Batch Your Emails, and Dodge a Headache

Oct 3, 2017 | Multitasking, The ONE Thing | 0 comments


Nothing manages to suck up time quite like emails. We sit down ready to work, only to be unknowingly sidetracked by dings, pings, and popups. And these dings add up. In fact, a recent study showed that we waste up to a quarter of the work day on email. The bigger problem is, all of this time we spend on email is spread throughout the day, so it’s often the case that an important task is interrupted by a less important email. And because most of us still think of ourselves as proficient multitaskers, we attend to the email.

Here at The ONE Thing, we know that no good can come from multitasking. Not only do we waste time when we switch between tasks and re-focus our attention, but our performance on both tasks is done with less precision. With concentration and performance both dwindling, it’s no wonder that a constant flow of emails is detrimental to our productivity.

Constant emailing has also been shown to contribute to workplace tension.

A study by doctors in Irvine, CA found that the more time people spend on email, the less they feel they get done and the more stressed they feel.

Assuming that no one likes to be unforced, unproductive, and stressed, what do we do? The first step is email batching.

Email batching is the idea of designating a set time (or times) in the day to focus only on email. Since our brains waste time every time we switch tasks, the idea is to minimize how many times we need to switch, thus minimizing the amount of wasted brain time. Additionally, the lack of task switching allows your brain to fully focus on the task at hand.

Tim Ferriss, author of The 4-Hour Workweek and productivity master, is a huge proponent of time blocking. So much so, in fact, that he laid out his process for readers to adapt to their own lives. While people may take his approach and tweak it to work for themselves, Tim lets his email recipients know that he checks his email once daily, in the evening, and suggests they get in touch by phone if there is urgency to their communication. With email time pre-determined, he is actively protecting his time for his top priority.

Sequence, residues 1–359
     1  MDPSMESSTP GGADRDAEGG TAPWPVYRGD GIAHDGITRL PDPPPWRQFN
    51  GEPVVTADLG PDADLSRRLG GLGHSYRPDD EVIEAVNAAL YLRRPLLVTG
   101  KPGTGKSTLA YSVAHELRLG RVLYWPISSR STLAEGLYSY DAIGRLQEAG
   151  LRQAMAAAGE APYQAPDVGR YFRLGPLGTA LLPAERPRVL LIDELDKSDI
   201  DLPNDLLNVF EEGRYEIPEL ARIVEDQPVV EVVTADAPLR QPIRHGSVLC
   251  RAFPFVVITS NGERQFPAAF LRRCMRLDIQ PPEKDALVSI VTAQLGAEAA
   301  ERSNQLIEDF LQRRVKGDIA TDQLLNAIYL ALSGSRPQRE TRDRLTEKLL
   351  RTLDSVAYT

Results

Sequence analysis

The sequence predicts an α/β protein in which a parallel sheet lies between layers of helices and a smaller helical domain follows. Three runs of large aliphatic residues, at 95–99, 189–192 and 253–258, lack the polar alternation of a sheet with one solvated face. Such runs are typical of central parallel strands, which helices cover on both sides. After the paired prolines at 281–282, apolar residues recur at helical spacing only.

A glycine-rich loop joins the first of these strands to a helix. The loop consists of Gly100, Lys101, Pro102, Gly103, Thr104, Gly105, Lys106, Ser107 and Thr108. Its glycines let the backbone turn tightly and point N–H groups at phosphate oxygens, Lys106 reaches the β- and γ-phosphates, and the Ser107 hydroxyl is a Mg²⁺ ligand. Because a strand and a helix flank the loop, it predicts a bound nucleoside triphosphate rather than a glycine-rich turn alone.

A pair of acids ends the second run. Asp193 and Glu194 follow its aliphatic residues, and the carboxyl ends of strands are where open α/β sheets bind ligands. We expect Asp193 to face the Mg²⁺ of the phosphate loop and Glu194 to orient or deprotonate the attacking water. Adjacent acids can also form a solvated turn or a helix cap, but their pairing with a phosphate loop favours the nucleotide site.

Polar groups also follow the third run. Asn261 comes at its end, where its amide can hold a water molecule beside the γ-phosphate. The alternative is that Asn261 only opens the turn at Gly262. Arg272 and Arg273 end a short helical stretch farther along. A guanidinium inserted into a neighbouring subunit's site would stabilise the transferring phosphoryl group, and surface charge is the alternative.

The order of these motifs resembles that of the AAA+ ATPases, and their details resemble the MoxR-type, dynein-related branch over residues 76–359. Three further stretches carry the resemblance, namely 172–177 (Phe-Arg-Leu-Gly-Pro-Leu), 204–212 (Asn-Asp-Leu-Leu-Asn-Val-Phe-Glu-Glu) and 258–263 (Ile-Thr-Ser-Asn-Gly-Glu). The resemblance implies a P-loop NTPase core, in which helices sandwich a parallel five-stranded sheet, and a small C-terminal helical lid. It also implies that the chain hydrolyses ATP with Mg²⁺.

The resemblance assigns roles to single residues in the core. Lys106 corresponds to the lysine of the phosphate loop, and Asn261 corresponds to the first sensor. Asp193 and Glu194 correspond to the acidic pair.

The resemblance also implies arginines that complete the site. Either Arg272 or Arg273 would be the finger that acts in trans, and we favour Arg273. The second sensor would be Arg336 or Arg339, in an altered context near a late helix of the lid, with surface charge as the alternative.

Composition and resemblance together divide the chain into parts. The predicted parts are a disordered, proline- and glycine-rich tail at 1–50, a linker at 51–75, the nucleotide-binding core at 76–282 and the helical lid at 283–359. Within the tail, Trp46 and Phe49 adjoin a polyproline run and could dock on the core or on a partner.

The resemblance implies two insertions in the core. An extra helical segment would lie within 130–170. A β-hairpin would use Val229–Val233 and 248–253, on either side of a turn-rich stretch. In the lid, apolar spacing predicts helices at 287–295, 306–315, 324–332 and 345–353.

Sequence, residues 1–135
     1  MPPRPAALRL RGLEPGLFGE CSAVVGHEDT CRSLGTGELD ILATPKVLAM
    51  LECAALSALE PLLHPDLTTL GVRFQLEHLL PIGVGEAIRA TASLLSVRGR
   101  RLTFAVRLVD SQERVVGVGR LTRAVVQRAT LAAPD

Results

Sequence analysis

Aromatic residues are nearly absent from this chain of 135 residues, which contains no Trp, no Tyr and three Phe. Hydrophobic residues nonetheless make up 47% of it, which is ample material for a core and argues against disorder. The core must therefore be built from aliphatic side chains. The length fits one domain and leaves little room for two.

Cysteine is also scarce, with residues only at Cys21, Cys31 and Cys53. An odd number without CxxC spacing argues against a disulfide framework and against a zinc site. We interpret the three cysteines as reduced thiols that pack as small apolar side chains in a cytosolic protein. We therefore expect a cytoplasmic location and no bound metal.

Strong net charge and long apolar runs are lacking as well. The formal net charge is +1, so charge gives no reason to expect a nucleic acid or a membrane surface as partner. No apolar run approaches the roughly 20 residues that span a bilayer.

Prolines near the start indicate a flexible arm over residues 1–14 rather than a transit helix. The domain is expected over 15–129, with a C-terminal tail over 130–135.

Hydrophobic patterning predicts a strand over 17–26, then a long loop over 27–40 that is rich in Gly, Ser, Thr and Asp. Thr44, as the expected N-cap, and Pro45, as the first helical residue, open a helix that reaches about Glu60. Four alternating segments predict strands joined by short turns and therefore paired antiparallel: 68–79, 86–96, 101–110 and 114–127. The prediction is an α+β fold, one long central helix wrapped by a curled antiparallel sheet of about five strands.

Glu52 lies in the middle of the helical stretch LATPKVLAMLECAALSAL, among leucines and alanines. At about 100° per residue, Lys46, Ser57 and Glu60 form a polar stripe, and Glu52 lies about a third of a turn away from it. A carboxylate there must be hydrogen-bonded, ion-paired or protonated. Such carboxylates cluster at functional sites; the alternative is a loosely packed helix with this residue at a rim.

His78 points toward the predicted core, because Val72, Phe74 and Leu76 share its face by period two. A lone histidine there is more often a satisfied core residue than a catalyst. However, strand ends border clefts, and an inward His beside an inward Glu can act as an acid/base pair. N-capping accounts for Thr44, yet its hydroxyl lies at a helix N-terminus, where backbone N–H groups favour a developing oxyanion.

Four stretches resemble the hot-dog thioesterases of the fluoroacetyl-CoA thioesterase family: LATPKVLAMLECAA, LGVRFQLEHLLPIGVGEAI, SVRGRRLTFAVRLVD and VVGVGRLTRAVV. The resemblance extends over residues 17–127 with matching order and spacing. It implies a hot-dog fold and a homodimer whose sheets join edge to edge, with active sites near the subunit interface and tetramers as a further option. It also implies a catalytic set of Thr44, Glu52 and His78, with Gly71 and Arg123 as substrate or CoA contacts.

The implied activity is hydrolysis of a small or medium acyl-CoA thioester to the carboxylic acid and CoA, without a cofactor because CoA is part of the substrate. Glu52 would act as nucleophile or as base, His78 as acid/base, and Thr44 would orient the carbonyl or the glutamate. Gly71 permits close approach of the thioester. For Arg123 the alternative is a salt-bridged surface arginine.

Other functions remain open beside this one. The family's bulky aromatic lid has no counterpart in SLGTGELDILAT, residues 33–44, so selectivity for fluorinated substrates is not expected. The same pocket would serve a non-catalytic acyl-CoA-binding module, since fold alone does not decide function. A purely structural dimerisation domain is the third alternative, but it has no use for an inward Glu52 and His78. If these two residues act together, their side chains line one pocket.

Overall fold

Ferriss’s use of automatic responders to let people know that their message will be dealt with in due time is a great tool for protecting your time block. If you are someone who feels anxious about not immediately responding to others, the automatic response can manage the expectations of others and help everyone get on the same page, which can do wonders for your stress level.

While email batching is the most common activity, the idea works for any task, whether it’s email, texting, or social media. Determine which mindless task is taking too much time away from your ONE Thing and batch it up: set a standard time each day for a phone break where you can respond to texts, scroll through Instagram or interact on Facebook. Even if you wouldn’t consider the activity a task, it can still be batched.

We’ve talked in the past about time blocking before and how to use it effectively to focus on your ONE thing. Well, email batching is just time blocking for the non-essential tasks, which can be equally as important.

The same doctors from Irvine, CA who looked at stress also looked at the results of email batchers, and the results were clear: it increased productivity. Others have reported feeling more focused and thus more positive about their work.

Take a look at your day and see what you can batch, and when. Your body and mind will appreciate you for it – as will your boss.

Have you tried email batching before? What did you think? Let us know on our Facebook page!